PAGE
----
Credit ratings for some of the main arteries of the U.S. financial system -- from clearing houses to government mortgage agencies -- were cut one notch to AA-plus by Standard & Poor's Ratings Services on Monday.
S&P in a statement said the downgrades -- which also hit big insurers -- were due to its lowering of the U.S. sovereign credit rating late on Friday. That decision is prompting the agency to review ratings of a host of entities whose financial health depends heavily on the federal government.
S&P based its decision on grounds the Congress and President Barack Obama have not done enough to compress the budget deficit and rising debt burden.
Morgan Stanley on Monday warned: Because of the unprecedented nature of negative credit rating actions with respect to U.S. government obligations, the ultimate impacts on global markets and our business, financial condition and liquidity are unpredictable and may not be immediately apparent. For details, see:
Even Berkshire Hathaway Inc, the heavyweight insurer run by billionaire investor Warren Buffett was swept up in the wholesale credit revisions, with S&P affirming its AA-plus rating but cutting the company's outlook to negative.
Four of Berkshire's peers suffered the same fate: Assured Guaranty, Guardian, Massachusetts Mutual, and Western & Southern. Five U.S. insurance groups were cut by one notch to AA-plus: Knights of Columbus, New York Life, Northwestern Mutual, Teachers Insurance & Annuity Association of America and United Services Automobile Association.
The ratings of four institutions that clear and process trades and are crucial to the daily workings of the U.S. financial markets were cut to AA-plus from AAA.
These institutions, which work behind the scenes but play a vital role, are: the Depository Trust Co, National Securities Clearing Corp, Fixed Income Clearing Corp and the Options Clearing Corp.
Wayne Luthringshausen, chairman of the OCC, said: This rating change will have no impact on OCC's operations or our ability to meet our obligations to OCC's clearing members.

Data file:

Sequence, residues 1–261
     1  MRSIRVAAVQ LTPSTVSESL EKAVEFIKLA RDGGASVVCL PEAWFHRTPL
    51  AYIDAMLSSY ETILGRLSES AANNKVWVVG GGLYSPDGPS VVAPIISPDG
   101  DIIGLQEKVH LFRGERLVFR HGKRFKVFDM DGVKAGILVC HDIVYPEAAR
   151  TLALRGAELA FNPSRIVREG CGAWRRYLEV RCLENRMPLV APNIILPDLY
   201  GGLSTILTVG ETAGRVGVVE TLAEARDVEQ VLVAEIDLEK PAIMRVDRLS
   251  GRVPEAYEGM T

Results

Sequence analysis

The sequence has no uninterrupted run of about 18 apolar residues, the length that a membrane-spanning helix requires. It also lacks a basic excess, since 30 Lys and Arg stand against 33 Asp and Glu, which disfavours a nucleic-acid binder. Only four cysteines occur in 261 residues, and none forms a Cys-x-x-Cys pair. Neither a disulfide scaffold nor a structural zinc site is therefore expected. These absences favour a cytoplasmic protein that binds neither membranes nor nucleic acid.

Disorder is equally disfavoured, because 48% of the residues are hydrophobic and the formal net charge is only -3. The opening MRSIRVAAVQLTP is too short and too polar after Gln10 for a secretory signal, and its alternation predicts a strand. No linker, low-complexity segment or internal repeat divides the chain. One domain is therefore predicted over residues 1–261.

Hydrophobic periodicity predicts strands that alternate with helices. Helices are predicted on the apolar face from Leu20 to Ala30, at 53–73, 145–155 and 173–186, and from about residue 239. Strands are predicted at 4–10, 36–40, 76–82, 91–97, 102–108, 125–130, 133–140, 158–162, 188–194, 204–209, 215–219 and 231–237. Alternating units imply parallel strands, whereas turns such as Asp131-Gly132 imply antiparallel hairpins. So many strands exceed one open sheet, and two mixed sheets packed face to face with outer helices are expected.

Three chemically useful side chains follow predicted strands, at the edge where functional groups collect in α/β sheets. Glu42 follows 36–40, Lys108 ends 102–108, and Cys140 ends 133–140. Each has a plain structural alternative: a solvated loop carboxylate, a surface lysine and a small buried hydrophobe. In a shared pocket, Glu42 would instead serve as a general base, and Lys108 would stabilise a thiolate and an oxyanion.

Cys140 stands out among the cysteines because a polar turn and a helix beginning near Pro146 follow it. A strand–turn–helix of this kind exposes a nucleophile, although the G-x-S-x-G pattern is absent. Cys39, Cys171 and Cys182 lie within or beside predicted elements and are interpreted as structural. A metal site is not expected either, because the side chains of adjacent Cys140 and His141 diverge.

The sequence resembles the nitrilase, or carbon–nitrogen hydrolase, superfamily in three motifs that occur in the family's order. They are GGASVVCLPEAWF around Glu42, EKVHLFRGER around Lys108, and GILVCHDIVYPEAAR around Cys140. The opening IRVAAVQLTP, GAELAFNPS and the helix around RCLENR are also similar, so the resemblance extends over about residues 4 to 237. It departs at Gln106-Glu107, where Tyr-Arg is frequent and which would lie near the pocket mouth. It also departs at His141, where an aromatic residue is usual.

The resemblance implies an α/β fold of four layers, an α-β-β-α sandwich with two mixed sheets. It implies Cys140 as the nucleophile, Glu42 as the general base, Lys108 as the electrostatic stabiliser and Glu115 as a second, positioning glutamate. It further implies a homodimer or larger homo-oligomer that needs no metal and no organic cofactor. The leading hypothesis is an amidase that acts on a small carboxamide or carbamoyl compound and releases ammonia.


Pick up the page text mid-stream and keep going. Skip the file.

S&P -- the only ratings agency to cut the U.S. rating from the highest rank -- said the downgrade constrains the depository and clearing houses because their respective businesses and the assets they hold are concentrated in the domestic market.
We have not changed our view of the fundamental soundness of their depository or clearing operations, it said.
Giving the four depository and clearing institutions negative outlooks, S&P also cited the long-term stability of U.S. capital markets.
The U.S. municipal market began getting more guidance as S&P cut to AA-plus the ratings of some deceased industrial revenue bonds. The credit agency now rates 13 states at AAA and it is reviewing the impact of the country's debt consolidation plan on the budgets of states and municipalities, said David Beers, who leads the agency's sovereign ratings group.
In early afternoon trade, muni bond yields were unchanged to three basis points lower. This follows last week's stunning rally when the yields of some top quality tax-free bonds fell as much as 40 basis points.
As expected, S&P cut by one notch to AA-plus the ratings of Fannie Mae and Freddie Mac, the two government-sponsored enterprises that are central to the U.S. residential mortgage market. A Freddie Mac spokesman, Doug Duvall, had no immediate comment. A Fannie Mae spokesman was not immediately available.
The Federal Home Loan Banks were also cut to AA-plus.
(Additional reporting by Ben Berkowitz, Walter Brandimarte, Jed Horowitz and Lauren Tara LaCapra in New York, Dave Clarke in Washington and Karen Pierog and Doris Frankel in Chicago; Editing by James Dalgleish and Andrew Hay)